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Bialowieza forest - last primeval forest in Europe

Białowieża forest, the last primeval forest in Europe, is one of the destinations that every forest ecologist wants to visit. The forest lies on both sides of the border between Poland and Belarus and has served as an exclusive hunting ground for centuries, which is why parts of the forest have never been used for forestry operations. When our supervisor and colleague Dr. Grezgorz Mikuskinski, who has known the forest and researchers there for over 30 years, invited us to come with him to Białowieża, Taylor, João and I didn’t think twice before saying yes.

The forest there is absolutely amazing. Some parts of the forests revealed old oak and lime trees, like we have never seen before.  Other parts were strongly shaped by browsing from the European Bison or by outbreaks of bark beetles. From areas dominated by regenerating trees after disturbances to areas full of lying and decaying dead-wood, the forest offered all the phases of natural forest succession. Particularly striking was the difference in the abundance of tree-related microhabitats (TreMs), which was much greater than what can be found in managed forest stands, as we know from our studies in the Black Forest. We learned that some birds, such as the common swift, which we think of as relying on predominantly anthropogenic structures, only occupy cavities in the Białowieża forest, where TreMs are abundant enough to support their natural preference. It turns out that bats also have different roosting preferences in such a pristine forest, choosing natural cavities, not those made by woodpeckers, as we see in the Black Forest. The variety of structures provided by the forest and their longstanding continuity together creates habitats for many plant and animal species, some of them occurring only in the National Park of Białowieża. This area has high species richness but low density of individual species, as is commonly found in all pristine forests, regardless the climatic zone.

Besides stunning nature, the researchers Dr. Michał Żmihorski and Dr. Ireneusz Ruczyński and their colleagues from the Mammal Institute of Białowieża were extremely welcoming. We enjoyed the opportunity to exchange our ongoing research projects about the monitoring of birds, bats and sounds during a symposium, after which we continued planning future studies while warming ourselves at a cozy bonfire close to the Institute.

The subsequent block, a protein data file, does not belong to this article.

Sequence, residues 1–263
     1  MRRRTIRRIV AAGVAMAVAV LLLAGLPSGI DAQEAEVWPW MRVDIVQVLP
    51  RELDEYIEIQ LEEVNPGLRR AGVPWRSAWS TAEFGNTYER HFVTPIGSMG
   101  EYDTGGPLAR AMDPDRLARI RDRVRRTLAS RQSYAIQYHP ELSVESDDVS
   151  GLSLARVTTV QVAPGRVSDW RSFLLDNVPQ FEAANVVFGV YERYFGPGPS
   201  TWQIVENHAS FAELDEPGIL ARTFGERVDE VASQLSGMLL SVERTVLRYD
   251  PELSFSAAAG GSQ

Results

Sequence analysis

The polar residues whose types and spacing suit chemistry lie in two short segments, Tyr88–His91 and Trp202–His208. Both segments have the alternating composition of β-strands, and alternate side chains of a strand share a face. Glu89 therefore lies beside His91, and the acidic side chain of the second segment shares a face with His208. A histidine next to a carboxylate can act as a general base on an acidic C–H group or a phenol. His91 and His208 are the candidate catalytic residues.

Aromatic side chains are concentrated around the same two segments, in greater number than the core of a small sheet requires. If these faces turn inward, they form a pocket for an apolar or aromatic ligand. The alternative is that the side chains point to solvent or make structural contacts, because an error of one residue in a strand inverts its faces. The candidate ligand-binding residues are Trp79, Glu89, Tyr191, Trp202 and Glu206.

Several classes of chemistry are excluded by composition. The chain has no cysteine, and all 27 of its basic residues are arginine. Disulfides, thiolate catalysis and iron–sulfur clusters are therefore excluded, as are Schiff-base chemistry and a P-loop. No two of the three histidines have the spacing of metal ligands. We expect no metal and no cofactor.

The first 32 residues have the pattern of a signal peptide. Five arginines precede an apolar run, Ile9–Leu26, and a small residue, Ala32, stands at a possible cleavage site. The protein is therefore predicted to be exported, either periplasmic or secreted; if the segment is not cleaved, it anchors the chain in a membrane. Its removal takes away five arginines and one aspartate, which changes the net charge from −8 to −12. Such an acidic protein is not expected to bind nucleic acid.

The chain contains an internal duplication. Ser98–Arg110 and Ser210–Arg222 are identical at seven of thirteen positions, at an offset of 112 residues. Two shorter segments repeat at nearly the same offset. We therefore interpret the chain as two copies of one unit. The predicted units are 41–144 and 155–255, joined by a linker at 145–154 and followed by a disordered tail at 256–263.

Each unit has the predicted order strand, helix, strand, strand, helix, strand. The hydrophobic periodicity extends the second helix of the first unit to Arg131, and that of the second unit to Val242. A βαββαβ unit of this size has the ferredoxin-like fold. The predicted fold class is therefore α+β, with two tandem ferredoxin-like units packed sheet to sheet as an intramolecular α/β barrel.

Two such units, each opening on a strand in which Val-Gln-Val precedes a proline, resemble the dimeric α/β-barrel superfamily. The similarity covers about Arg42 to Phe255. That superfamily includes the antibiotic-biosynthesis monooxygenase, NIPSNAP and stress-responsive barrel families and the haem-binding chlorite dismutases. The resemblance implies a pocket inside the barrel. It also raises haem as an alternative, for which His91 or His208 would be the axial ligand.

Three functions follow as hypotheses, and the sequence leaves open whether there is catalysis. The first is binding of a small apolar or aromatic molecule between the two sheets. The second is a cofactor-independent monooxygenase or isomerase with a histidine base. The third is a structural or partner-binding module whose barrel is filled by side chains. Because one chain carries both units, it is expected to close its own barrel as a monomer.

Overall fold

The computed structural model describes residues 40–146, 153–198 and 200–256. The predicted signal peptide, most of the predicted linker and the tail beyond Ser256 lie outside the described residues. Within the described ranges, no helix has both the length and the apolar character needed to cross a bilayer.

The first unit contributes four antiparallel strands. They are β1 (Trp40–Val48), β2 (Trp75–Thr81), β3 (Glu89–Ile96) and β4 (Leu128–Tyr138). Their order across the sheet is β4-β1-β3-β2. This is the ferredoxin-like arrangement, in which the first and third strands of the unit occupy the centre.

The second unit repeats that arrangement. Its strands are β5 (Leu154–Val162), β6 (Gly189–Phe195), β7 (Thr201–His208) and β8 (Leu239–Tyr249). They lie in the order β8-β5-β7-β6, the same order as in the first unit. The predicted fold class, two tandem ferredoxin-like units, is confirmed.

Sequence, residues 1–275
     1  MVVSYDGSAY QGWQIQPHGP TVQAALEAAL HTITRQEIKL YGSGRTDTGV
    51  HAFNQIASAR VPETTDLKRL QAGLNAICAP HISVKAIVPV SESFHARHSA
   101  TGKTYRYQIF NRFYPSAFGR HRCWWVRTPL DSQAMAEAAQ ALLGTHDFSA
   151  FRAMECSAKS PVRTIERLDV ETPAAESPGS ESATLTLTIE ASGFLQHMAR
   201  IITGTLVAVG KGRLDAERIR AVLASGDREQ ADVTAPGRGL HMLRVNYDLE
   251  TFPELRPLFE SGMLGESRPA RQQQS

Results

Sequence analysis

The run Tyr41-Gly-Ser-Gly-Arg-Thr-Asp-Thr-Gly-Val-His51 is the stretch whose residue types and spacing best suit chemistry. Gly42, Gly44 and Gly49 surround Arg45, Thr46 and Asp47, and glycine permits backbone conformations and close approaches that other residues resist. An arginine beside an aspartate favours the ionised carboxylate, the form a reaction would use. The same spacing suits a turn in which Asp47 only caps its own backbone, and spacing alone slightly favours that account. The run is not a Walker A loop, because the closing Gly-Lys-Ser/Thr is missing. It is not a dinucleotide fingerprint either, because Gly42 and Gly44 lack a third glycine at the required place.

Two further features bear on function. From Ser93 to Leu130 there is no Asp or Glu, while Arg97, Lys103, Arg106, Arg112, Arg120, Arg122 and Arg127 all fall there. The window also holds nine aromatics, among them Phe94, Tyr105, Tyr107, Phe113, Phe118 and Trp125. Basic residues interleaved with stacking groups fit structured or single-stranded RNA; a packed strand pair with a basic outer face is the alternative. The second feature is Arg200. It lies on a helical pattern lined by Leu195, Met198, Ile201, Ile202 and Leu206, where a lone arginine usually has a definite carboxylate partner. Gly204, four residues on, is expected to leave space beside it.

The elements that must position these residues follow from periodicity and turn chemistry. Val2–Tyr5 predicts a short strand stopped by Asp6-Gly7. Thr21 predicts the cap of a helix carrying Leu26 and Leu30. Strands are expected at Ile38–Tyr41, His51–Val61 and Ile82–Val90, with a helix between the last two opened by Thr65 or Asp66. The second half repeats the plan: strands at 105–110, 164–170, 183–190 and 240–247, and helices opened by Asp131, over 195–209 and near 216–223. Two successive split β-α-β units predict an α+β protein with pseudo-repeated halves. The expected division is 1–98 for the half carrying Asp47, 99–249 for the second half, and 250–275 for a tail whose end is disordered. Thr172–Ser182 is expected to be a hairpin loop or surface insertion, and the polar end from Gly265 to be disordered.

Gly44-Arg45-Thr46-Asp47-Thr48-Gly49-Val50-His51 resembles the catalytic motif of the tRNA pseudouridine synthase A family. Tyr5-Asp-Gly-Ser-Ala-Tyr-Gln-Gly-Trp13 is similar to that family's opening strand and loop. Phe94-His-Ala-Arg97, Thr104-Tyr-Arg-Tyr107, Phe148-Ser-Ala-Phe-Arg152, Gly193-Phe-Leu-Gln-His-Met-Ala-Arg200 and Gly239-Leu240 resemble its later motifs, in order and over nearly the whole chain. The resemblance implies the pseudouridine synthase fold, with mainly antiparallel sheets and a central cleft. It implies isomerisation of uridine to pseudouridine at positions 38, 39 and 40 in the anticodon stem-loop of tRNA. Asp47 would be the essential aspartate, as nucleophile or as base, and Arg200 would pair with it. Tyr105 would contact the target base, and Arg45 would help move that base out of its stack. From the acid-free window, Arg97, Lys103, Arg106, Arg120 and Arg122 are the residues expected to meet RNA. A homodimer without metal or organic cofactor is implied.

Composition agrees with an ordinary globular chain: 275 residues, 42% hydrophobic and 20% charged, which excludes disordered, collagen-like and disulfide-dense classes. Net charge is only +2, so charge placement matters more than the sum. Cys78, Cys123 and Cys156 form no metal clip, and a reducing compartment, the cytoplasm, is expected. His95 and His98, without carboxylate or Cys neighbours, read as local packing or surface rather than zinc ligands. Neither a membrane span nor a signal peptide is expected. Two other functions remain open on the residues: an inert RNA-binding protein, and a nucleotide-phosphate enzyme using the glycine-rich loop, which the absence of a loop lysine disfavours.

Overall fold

We had the great privilege of experiencing the forest in a way most people never get to experience. We spent almost two days in the forest, walking or riding bicycles along little roads that are currently covered with golden autumn leaves, always finding something to wonder about. All human activities are usually severely restricted in the protected part of the forest, which we fortunately had access to. When we visited, however, the situation in the area was far from normal, due to a current political and humanitarian crisis. When we entered the area of Białowieża, we were entering a ‘Zone of Emergency’, where the Polish government has restricted access of any visitors coming to the area, including tourists and journalists. While we had documentation to enter the area, no one else was allowed. Polish police were present everywhere, stationed there to push back refugees entering Poland from Belarus. On the Polish television we could see how they were cutting a swathe through the forest and building a fence along the Belarussian border. While we enjoyed the pleasure to travel for scientific purposes to the forest, we were aware that in that same area, there were many people engaged in a geopolitical conflict. Refugees were attempting to secretly cross the forest to escape from Polish authorities and since night temperatures dropped below freezing during the week we were there, we were and still are very concerned about their safety.

During this visit we learned about much more than just forest ecology; we learned how conflicting it can be to be a visitor in a place whose political decisions we disagree with, but whose natural areas we are grateful to see. We experienced the privilege of being scientists, with access to a space that few others are allowed, and the privilege of being from nations whose human rights are respected, regardless of the political climate.

We thank everyone making our visit to Białowieża possible and certainly hope it is not our last visit.


by Anna-Lena Hendel (B5), João Pereira (B6) and Taylor Shaw (B7)